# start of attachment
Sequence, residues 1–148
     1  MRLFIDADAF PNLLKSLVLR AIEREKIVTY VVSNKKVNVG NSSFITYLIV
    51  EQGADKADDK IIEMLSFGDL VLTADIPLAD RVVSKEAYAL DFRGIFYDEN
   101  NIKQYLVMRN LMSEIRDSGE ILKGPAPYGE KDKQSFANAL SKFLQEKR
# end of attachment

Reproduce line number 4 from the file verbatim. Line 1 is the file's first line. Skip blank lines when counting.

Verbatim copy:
   101  NIKQYLVMRN LMSEIRDSGE ILKGPAPYGE KDKQSFANAL SKFLQEKR